At first I thought the movie was going to be a huge bore because truth be told, it does start out kind of slow. I was thinking to myself that my fears were becoming true, this one is going to be boring…but I gave it a chance. I was happy to discover that not only would I be treated to enormous amounts of action, but the film would also go on to explore some interesting themes as well. A lot of critics gave this film a tough time because supposedly it wasn’t as deep, or the story wasn’t as good as Akira. And I’ll admit, it is a simpler film in some ways, but this doesn’t mean the film doesn’t have something to say. It is a film of war vs. peace, of greed and power vs. humanity. What will science be used for? To advance military practices? To bring forth weapons of mass destruction? Or will it be used to make mankind happier and the world a better place to live in? These are the films main themes. Edward Steam is the power hungry inventor who thinks weapons will usher humanity into a whole new era. He ends up creating what he calls the ‘ Steam Castle ’, a gigantic flying fortress that runs thanks to the power of the Steamballs.
Grandpa Steam is all against his son war like mind, he wants to use steam to create a floating amusement park for children to enjoy. You see, Grandpa Steam’s original plans for The Steam Castle were to create a flying amusement park, complete with a Merry Go Around and a gigantic Ferris Wheel. Grandpa Steam asks: “What would men do with this new technology? Plunge the world into war and chaos?” His son Edward replies: “That very chaos would transform us. The heart adapts to reality” and Grandpa Steam says: “But the heart comes first Eddie!” This interchange between father and son shows us just how against each other these two mentalities are. Same as many films that pit the old vs. the new, or vice versa, it’s always in the hand of the youth to change things. In this case, it’s in 13 year old James Ray’s hands to decide how he will use previous generations’ discoveries. It’s that old idea that hope rests in the hands of future generations who can and should benefit from the accumulated knowledge of their predecessors. Newer generations can learn from their ancestors’ mistakes and improve on society and quality of life. The main idea being that we can’t forget the mistakes of the past, we must learn from them in order to improve our future. This ideology can be applied to different areas of life, including politics, religion, science and philosophy. So you see, this film does have some meat to it after all.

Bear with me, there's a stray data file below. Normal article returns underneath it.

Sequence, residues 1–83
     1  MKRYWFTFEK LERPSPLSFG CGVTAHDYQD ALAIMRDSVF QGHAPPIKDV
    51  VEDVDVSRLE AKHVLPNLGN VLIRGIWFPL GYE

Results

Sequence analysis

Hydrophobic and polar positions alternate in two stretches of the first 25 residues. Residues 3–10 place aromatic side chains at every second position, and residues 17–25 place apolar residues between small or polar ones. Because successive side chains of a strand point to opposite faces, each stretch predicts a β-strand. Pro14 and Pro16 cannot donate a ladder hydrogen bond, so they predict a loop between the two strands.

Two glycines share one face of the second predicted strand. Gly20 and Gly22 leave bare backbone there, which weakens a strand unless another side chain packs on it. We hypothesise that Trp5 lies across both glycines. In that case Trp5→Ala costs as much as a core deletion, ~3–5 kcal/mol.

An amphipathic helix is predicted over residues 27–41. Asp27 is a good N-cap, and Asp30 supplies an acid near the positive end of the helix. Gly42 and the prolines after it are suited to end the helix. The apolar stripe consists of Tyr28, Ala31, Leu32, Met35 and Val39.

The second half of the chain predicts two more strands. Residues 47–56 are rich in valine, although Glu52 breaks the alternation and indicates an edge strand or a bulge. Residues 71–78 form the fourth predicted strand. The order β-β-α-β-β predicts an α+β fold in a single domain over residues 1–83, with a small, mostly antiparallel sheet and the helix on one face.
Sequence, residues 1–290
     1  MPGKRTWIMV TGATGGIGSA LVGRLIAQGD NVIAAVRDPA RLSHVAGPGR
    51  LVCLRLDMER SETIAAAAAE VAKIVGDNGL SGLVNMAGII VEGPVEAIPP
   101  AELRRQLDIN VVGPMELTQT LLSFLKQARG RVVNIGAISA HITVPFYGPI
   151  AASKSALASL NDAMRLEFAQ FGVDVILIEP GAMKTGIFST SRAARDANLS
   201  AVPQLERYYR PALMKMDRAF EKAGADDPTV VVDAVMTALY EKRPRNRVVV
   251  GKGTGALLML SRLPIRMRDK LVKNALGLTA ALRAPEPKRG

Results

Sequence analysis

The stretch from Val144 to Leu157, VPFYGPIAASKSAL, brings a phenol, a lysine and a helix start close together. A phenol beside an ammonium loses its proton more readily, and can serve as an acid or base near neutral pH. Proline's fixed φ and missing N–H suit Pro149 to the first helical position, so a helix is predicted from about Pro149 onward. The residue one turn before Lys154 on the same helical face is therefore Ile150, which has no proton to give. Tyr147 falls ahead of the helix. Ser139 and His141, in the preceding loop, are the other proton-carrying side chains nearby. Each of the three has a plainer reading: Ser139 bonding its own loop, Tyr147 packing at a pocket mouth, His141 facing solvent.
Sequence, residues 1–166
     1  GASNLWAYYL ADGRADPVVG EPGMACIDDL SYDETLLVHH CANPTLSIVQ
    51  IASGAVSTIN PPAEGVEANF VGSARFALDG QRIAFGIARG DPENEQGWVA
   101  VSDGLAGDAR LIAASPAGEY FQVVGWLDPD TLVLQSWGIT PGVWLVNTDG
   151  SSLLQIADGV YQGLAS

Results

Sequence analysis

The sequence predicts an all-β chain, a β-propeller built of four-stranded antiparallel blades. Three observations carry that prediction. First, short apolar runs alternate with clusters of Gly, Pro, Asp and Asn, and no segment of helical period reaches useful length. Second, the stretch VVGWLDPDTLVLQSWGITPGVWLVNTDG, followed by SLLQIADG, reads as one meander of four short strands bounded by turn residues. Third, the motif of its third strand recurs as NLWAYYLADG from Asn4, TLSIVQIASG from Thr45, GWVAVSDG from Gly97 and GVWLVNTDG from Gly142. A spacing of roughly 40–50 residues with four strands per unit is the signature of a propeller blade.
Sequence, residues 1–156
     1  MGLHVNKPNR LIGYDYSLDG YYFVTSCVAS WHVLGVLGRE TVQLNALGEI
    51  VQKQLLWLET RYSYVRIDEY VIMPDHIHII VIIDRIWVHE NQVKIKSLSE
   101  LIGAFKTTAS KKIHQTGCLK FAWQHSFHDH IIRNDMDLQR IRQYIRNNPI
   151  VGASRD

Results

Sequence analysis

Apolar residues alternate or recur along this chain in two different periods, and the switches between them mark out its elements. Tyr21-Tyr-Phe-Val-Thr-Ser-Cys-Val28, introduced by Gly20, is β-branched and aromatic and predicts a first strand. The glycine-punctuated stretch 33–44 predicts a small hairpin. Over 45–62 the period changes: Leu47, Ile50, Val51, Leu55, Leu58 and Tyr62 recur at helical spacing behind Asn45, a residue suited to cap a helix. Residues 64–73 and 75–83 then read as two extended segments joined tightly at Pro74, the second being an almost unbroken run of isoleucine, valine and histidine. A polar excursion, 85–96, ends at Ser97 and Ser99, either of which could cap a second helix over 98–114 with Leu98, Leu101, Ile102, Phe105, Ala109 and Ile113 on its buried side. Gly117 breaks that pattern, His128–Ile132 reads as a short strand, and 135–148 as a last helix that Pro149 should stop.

But aside from that, the film is one awesome spectacle of animation! The movie takes a while to really take off, setting up its characters and their different ideologies. The filmmakers really wanted you to know where each character stands, so that you could later know what they are fighting so much about. But once the action gets going, it doesn’t stop! The last half of the film is made up of none stop action and destruction! Dr. Edward Steam organizes a demonstration to show the arms dealers of the world just how much they can benefit from his inventions which include all sorts of military weapons. From flying soldiers, to submarines, tanks and men in armored suits; all powered by steam. The Steam Castle turns into this monstrosity that goes around London destroying important historical landmarks and freezing everything that comes into its path! Then it’s a race to the finish to see how they can stop the Steam Castle from destroying all of London . Now that I think about it, the ending with the Steam Castle destroying every building in its path was not unlike a Godzilla film. This film also had elements in common with Wild Wild West (1999), because that one is also a film about a crazy inventor constructing gigantic steam powered machines used for military purposes. Some scenes also brought to mind The Rocketeer (1991) because at one point James Ray straps on a steam powered back pack and flies through the skies!
Steamboy cost 20 million dollars to make, and 8 years to complete! American actors were brought in to dub the English version fo the film. The English dubbing was performed by the likes of Patrick Stewart as Grandpa Steam, Alfred Molina as Eddie Steam, and Anna Paquin as the voice of James Ray Steam. That’s right Anna Paquin plays the role of a boy, but if you’ve watched anime, you’ll know that this is a common practice in Japanese animation; women do the voices of young male characters. So the film was prepped for an international release. Unfortunately, this film didn’t set the anime world on fire, and it wasn’t a box office smash. Not even in Japan. This was a huge let down because this was the most expensive Japanese animated film ever made, actually, as I write this is still holds that title. But it didn’t garner enough attention from audiences to make its budget back. I think audiences reacted the same way I did, thinking it would be boring because it took place in the 1800’s. As it is, this movie was actually action packed! As I recently discovered, once Steamboy takes off, it really takes off! Some critics where criticizing the film for the same reasons I loved it. Some said it was an empty action spectacle, with no depth to it. But in my opinion, the film had a healthy balance of ideologies and action. Give Steamboy a chance, I think you’ll be surprised.
Rating: 4 out of 5